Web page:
The German Navy’s new F125 frigate will have the capability to be deployed worldwide for up to two years before returning to the home base and can be in operation for up to 5,000h a year, including under tropical conditions. F125 is the project name for the Type 125 Baden-Württemberg class of frigates.
The main mission of the F125 frigate is taking part in joint assignments, including multinational assignments in network-centric operations. The 5,500t displacement frigate has a new and stealthy design of hull and superstructure, which appears to be based on a highly modified Meko-D configuration.
Type 125 Baden-Württemberg class concept reduced radar, infrared and acoustic signatures stealth technology
F125 frigate programme
The German Navy started to plan a successor for the F122 Bremen Class frigates in 1997. It operates eight Bremen Class F122 frigates, which entered service between 1982 and 1990.
Type 122 Bremen class Frigate
|Displacement:||3680 tons (full load)|
|Speed:||30 knots, max. (56 km/h)|
|Propulsion:||combined diesel or gas (CODOG)
2 General Electric LM2500 gas turbines / 2 MTU 20V956 TB92 diesel engines
2 shafts / 2 controllable pitch propellers
|Range:||4000 NM (7400 km) at 18 knots (33 km/h)|
|Aviation:||flight deck & hangar for 2 Westland Super Lynx Mk.88A helicopters|
|Armament:||1 x Oto-Melara 76mm/62-caliber DP gun (3-inches)
2 x MLG27 27mm light naval machine gun system (added later)
Type 122 Bremen class Frigate data seaforces.org
The concept of the replacement frigates was originally as a multi-role combatant but by 2005, the requirement for the F125 was based on a capability to counter asymmetric threats and perform stabilisation operations with lethal and non-lethal intervention. The German Navy announced that the F125 would be armed with land attack systems and air warfare point-defence equipment but would not be equipped with sonar.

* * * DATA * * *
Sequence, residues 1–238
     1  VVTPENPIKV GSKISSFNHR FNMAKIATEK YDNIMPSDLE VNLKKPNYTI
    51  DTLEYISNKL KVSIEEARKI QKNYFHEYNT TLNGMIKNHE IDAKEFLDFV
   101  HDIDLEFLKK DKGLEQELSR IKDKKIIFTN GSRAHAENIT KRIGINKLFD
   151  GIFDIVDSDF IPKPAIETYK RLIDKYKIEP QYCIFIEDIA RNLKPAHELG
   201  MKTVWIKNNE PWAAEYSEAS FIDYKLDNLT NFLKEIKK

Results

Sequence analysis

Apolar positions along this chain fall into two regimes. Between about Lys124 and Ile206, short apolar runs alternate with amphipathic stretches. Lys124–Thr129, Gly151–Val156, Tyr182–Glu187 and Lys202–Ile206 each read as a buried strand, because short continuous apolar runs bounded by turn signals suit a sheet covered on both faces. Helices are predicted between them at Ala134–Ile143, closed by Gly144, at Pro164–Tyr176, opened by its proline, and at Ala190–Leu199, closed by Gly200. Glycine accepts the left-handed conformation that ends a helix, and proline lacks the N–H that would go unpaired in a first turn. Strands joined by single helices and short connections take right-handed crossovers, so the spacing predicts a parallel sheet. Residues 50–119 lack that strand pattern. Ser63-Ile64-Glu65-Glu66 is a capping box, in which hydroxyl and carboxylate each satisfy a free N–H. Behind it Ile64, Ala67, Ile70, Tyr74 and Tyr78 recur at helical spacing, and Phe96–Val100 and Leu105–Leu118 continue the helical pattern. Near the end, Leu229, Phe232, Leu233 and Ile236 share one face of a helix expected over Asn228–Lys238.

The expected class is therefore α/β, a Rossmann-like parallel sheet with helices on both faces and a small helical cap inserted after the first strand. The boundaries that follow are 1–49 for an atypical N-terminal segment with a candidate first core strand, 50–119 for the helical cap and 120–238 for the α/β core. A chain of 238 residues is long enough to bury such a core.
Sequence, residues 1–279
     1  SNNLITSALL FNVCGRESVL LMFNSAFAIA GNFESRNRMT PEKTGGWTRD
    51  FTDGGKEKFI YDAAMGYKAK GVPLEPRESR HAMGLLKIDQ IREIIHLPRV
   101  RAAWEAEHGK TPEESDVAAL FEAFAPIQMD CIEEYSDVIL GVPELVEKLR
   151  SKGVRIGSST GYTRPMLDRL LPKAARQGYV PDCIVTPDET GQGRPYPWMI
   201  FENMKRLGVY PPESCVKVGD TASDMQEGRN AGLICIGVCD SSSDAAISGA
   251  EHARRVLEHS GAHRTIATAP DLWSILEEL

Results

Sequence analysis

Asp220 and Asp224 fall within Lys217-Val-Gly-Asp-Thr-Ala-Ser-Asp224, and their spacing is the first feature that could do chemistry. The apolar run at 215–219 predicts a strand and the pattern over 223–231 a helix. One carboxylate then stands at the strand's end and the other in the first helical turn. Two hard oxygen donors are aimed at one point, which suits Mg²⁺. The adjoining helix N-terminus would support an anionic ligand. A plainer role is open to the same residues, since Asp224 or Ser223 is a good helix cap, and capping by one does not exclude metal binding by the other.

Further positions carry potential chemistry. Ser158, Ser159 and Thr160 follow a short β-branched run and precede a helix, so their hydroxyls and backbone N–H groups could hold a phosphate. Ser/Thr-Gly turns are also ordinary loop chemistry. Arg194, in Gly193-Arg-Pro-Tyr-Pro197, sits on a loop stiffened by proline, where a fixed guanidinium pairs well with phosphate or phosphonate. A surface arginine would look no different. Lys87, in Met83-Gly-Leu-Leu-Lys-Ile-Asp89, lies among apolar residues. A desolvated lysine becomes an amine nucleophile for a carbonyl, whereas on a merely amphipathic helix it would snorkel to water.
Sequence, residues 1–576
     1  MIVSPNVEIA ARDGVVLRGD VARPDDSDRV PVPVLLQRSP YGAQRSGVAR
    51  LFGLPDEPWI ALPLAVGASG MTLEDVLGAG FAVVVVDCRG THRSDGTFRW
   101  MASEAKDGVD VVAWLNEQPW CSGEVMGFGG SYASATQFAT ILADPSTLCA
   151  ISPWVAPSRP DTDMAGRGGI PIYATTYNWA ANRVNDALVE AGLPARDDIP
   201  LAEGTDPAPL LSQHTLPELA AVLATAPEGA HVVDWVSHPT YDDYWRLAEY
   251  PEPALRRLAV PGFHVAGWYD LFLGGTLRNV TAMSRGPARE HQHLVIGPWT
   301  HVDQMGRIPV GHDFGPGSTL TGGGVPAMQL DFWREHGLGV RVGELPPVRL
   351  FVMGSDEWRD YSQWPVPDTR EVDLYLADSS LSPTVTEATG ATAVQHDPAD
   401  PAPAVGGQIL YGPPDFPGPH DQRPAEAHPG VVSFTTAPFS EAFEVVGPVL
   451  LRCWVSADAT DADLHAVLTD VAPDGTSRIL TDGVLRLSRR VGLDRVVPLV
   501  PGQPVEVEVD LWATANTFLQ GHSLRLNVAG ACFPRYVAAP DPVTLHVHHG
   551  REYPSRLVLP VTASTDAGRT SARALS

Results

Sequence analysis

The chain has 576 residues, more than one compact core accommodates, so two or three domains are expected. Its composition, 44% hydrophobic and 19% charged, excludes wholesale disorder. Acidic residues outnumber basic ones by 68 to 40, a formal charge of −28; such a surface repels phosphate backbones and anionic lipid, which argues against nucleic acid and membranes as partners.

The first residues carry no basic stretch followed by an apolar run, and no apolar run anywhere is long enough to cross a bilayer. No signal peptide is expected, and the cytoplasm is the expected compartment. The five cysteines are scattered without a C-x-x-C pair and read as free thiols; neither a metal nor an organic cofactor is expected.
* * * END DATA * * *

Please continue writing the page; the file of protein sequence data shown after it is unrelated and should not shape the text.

Modified photo of Baden-Württemberg class frigate. For a high resolution image click here. – Source navalanalyses.blogspot.com
In June 2007, ThyssenKrupp announced the Arge F125 consortium had been contracted by the German Federal Office for Defence Technology and Procurement (BWB) for four F125 frigates. The Arge F125 consortium comprises the industrial leader, ThyssenKrupp Marine Systems (including Blohm + Voss and Nordseewerke) with Lurssen Werft.
Construction began in May 2011 and the first frigate, Baden-Württemberg, was christened at ThyssenKrupp Marine Systems’ Hamburg site in December 2013. Christening of the second frigate, Nordrhein-Westfalen, took place in April 2015 and keel for the third frigate, Sachsen-Anhalt, was laid at the Hamburg site in June 2014. The keel laying ceremony of the final 125-class frigate, Rheinland-Pfalz, was held in January 2015.
Germany’s new frigates are overweight and float with a persistent list to starboard: Here
Germany’s much-delayed new frigates, built by ThyssenKrupp (TKAG.DE) and Luerssen for at least 650 million euros (£551.4 million) apiece, are overweight and float with a persistent list to starboard, according to a confidential report seen by Reuters.
The ships, designed to need a crew of only 120, less than half their predecessors, are a crucial element in Germany’s plans to beef up its military to face an increasingly uncertain European security landscape and a more assertive Russia.
German Navy’s Third F125 Frigate Christened: Here
The new F125-class frigates replace the German Navy’s eight Bremen-class frigates. The first two frigates of the four vessel series, Baden-Württemberg and Nordrhein-Westfalen, were christened in December 2013 and April 2015, respectively.
Sachsen-Anhalt is scheduled to be handed over to the German defense procurement agency BAAINBw in early 2019. Commissioning and in-port trials of the first F125 frigate, the Baden-Württemberg, have now advanced to the stage where sea trials can commence as planned in spring this year. Handover of the Baden-Württemberg to the BAAINBw is scheduled for mid-2017. The contract for the F125 program is worth around two billion euros in total.
German defense procurement agency BAAINBw has reportedly returned FGS Baden-Württemberg F125 frigates to Blohm+Voss shipyard: Here